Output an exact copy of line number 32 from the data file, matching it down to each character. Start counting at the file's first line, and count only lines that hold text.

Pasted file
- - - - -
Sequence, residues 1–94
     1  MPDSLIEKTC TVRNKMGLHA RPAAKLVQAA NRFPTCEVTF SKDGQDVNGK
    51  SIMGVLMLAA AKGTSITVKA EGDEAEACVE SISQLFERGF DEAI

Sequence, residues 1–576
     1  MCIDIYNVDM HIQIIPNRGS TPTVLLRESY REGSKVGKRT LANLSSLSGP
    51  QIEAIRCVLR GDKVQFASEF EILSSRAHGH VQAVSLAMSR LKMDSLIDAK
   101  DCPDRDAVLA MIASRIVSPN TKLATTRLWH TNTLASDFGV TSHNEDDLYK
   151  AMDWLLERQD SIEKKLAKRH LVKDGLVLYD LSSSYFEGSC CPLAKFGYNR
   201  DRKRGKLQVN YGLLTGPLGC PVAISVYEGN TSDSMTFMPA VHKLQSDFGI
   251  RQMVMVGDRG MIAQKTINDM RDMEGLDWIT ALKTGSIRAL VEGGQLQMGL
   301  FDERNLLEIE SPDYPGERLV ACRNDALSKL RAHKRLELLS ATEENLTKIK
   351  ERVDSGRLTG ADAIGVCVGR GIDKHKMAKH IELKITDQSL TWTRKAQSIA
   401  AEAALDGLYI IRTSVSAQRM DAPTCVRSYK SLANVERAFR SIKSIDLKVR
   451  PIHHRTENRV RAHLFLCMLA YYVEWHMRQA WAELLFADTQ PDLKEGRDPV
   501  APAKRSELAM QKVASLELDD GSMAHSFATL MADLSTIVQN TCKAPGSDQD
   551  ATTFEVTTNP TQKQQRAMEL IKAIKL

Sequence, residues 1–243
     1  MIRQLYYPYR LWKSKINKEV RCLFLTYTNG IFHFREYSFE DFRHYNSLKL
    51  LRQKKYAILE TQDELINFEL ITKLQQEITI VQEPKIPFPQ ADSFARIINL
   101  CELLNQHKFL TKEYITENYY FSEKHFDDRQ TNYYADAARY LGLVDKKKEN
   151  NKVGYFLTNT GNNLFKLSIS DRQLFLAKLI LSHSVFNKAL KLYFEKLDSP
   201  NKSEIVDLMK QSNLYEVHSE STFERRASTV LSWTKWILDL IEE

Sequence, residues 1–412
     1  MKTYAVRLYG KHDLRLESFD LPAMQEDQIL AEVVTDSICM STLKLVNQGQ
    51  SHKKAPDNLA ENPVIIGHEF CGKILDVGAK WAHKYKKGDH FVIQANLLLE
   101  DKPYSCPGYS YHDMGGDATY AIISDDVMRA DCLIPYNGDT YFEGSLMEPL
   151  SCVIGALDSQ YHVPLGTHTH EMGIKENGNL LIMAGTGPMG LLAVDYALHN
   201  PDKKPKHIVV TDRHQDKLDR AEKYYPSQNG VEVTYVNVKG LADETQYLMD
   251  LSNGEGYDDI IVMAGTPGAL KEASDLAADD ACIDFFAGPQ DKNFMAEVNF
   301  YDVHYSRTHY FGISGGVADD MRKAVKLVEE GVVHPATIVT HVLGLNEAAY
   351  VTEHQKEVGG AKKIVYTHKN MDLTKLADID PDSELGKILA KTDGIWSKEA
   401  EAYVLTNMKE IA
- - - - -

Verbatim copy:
   401  EAYVLTNMKE IA